Employee Retention

I Suggest You Replace Your Suggestion Box With This

Reader Resource

Position yourself for growth in 2017—join us live at the Entrepreneur 360 Conference in Long Beach, Calif. on Nov. 16. Secure Your Seat »

This year the trucking industry has been experiencing an acute driver shortage. With the driver pool aging and few young people wanting to enter the profession, major news outlets have highlighted the threat this poses to our economy. What’s really stunning is that the Fox Business and CNBC articles that I was interviewed for attracted comments like these on a LinkedIn group for transportation professionals:

“Drivers that are on the road are getting disgusted on how most of the trucking companies treat them.”

“Some of the big carriers have turnover percentages in triple digits. ... The only sustainable solution to the problem is for trucking to become a profession again and not just a job, as it seems to be right now and that's up to carriers themselves.”

“Trucking Industry has got to change their mind set if they are going to keep drivers. .... You got to be more flexible. If your drivers are not happy no one is. DRIVERS are your biggest asset.”

And these remarks are just a small sampling.  

Now, I could write off this feedback as the comments of a disgruntled few, but I would be lying. It’s clear there’s a crisis in the way that many companies treat their employees. While most industries don't have on average triple-digit turnover like the trucking industry does, employees across many industries harbor similar sentiments. 

A Gallup study last year found that 70 percent of American workers hate their jobs or are completely disengaged.

Having staffers go home miserable every day benefits no one, especially those who want to run a successful business with engaged employees. I recommend that companies treat their workers focusing on what I like to call the three Ts: treatment, transparency and trust:

Related: Culture That Counts -- 5 Ways to Dramatically Boost Employee Satisfaction 

1. Treatment. 

It only makes sense that employees will leave if treated poorly. Poor treatment encompasses obvious practices like subjecting staff to rude behavior and profanity.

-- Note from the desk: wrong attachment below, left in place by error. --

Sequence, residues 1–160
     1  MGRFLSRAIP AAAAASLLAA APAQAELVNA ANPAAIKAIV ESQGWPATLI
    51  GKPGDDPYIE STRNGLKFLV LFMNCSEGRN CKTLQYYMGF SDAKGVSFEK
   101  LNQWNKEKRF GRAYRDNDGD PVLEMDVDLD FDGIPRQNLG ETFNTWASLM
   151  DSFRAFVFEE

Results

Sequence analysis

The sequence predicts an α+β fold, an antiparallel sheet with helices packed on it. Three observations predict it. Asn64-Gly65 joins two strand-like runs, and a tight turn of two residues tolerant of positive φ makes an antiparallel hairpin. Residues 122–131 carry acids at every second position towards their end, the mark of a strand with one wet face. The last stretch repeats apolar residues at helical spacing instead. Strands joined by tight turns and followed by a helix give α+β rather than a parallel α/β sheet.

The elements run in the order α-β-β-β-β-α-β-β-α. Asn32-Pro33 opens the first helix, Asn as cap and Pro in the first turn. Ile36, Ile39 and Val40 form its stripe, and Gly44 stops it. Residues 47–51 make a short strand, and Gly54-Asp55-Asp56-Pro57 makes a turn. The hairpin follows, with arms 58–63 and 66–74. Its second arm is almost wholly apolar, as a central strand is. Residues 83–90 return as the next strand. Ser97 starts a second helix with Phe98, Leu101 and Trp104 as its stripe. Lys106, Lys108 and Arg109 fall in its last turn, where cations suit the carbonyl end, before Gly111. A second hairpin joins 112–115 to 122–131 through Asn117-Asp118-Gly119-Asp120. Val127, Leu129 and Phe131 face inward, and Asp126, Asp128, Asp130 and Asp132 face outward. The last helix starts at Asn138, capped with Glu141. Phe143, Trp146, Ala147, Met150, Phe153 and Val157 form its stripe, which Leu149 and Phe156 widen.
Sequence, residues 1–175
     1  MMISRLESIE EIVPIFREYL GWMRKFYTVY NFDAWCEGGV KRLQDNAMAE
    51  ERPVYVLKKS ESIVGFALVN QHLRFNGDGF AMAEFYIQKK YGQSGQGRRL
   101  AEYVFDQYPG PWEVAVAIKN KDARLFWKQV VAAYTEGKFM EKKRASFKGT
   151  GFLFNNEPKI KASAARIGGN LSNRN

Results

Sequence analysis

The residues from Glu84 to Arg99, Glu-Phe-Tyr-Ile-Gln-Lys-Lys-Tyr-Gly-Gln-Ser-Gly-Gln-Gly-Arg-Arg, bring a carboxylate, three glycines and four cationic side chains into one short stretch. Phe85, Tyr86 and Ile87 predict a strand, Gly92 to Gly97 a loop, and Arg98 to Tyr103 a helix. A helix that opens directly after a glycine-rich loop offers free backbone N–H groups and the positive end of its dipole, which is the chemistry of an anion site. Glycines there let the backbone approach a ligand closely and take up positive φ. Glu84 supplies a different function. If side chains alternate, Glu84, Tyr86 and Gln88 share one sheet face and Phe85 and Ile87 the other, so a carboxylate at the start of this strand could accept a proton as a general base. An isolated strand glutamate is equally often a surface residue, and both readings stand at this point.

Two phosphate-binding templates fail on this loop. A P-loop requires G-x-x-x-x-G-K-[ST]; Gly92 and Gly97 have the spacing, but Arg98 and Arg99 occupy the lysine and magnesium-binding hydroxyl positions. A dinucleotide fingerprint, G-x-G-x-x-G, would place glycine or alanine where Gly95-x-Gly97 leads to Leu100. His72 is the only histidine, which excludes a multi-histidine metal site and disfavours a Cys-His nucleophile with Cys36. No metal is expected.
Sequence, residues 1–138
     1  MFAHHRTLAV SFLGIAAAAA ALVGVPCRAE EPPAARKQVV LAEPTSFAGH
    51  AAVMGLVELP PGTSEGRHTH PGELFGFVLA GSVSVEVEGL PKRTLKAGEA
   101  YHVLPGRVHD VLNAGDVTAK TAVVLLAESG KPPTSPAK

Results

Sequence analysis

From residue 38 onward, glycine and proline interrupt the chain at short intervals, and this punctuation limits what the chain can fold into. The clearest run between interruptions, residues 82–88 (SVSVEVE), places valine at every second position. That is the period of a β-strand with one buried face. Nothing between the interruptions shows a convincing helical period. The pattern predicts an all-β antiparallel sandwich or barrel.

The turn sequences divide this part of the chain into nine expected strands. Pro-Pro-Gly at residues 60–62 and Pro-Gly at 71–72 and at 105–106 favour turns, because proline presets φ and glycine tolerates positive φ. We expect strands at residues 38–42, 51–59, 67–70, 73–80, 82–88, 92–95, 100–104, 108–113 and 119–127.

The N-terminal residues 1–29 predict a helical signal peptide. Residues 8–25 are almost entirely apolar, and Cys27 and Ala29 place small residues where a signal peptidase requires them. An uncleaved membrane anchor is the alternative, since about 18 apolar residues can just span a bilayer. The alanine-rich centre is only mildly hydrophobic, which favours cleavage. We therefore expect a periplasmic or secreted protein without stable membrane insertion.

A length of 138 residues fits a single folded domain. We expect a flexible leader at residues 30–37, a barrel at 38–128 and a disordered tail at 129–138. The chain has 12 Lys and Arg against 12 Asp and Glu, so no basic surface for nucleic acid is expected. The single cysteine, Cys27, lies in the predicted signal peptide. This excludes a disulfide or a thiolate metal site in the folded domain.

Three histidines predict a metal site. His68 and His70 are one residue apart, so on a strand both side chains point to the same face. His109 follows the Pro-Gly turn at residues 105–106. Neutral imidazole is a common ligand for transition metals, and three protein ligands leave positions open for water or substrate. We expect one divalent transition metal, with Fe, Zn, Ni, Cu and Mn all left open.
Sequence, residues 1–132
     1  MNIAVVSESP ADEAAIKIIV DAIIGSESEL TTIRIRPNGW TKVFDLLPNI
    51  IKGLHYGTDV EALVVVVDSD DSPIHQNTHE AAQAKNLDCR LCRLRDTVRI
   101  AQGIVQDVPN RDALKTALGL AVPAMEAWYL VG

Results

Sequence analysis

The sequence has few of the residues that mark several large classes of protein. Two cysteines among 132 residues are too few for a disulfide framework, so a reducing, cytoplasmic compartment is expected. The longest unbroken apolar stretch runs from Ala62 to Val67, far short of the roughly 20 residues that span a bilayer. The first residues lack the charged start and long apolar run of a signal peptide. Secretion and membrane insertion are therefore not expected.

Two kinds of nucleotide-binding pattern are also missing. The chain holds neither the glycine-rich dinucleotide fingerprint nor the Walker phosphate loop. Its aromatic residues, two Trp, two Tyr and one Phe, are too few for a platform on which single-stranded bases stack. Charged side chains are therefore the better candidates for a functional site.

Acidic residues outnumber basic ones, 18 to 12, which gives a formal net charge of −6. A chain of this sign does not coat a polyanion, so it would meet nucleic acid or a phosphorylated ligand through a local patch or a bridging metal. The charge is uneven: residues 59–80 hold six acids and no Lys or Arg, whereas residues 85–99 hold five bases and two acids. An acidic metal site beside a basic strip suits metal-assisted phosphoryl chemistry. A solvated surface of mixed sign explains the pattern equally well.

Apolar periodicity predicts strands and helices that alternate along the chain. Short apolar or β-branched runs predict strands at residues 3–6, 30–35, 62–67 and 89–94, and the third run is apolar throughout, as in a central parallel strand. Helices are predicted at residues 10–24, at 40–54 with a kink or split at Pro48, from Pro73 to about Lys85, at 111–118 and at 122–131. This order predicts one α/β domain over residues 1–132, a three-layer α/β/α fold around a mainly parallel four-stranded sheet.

But poor treatment can be more subtle and destructive: Managers can fail to get to know team members as people first and employees second. Cliques can form in the office so that some employees are continually on the outside. And supervisors can ignore employee input or suggestions and create a “shut up and do your job” environment.   

Related: Radical Transparency Can Re-Energize a Company's Culture and Deliver Results

2. Transparency.

All employees have a need to belong, to feel part of their companies. If team members believe that everything happens behind closed doors, they will feel disengaged.

No matter their position in an organization, employees need to feel like they belong. It's impossible to feel part of a company without understanding the “why” -- that is, why decisions are being made in a certain way. If employees understand this, they are much more likely to participate fully. 

Don’t be afraid to open the books. Share key data points regularly. Let employees experience the joy of victories and be part of the process of coming up with solutions to problems. Above all, take those on the front lines with you.They often have the best handle on root causes and the best solutions to issues.  

3. Trust. 

Without building trust, a company will be unable to build a lasting culture. Trust is at the foundation of every relationship and critical to manager's ability to manage the company's culture and  performance. Without trust, relationships cannot grow.     

So, managers, throw out the suggestion box. Replace it with regular listening sessions. The box is just a way of telling the employee to write down an idea because you're too busy to listen. Leaders must be available to listen and follow up. Even if an employee’s idea is not practical, at least extend him or her the courtesy of being heard.

Remember, assume innocence. As soon as a problem arises, managers often go to the dark side. They assume bad motives or negligence. While sometimes this may be true, more often it is not. Unless there's a indication to the contrary, promote an environment that assumes innocence that's hard on the issues but gentle on the people.

As much as employees need to be treated by managers in accordance with the three Ts, the reverse is  true. Create an environment where employee behavior is managed identically. 

It's a given that paying fair and competitive wages is a necessity. Employers who pay employees fairly must dig deeper as to causes of employee dissatisfaction and that's where they will find the Three Ts. 

Related: An Ode to Transparency